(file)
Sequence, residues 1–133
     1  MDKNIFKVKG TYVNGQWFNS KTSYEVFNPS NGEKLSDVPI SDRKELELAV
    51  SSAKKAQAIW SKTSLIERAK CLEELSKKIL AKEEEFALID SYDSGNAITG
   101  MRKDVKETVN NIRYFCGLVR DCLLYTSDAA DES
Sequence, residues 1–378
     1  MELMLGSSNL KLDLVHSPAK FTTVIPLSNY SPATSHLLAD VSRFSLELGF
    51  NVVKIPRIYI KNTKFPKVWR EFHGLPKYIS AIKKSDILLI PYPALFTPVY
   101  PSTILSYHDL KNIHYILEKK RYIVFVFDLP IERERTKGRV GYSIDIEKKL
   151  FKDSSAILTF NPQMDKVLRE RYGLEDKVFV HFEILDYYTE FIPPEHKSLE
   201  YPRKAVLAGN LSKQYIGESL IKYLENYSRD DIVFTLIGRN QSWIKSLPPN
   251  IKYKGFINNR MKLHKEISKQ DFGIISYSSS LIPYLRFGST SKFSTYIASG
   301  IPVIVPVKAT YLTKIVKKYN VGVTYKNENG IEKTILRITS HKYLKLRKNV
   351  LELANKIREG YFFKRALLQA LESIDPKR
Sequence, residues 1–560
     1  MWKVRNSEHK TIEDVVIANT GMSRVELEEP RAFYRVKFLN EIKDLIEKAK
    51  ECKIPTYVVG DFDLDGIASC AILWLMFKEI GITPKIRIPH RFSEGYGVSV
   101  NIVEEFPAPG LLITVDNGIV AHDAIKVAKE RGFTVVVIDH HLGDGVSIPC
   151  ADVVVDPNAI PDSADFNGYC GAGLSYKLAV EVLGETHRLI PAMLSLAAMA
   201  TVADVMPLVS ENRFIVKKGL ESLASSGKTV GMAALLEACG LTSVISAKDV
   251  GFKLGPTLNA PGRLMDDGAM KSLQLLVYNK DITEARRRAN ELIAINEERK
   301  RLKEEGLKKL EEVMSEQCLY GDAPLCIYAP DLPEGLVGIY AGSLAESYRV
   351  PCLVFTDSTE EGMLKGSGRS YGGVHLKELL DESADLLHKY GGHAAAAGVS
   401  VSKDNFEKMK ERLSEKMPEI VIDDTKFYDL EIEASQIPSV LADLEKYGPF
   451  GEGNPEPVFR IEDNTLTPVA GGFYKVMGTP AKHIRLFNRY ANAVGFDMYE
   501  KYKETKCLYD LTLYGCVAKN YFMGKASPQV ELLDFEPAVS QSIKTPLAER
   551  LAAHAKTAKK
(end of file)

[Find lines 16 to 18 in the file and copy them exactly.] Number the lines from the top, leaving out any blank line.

    51  ECKIPTYVVG DFDLDGIASC AILWLMFKEI GITPKIRIPH RFSEGYGVSV
   101  NIVEEFPAPG LLITVDNGIV AHDAIKVAKE RGFTVVVIDH HLGDGVSIPC
   151  ADVVVDPNAI PDSADFNGYC GAGLSYKLAV EVLGETHRLI PAMLSLAAMA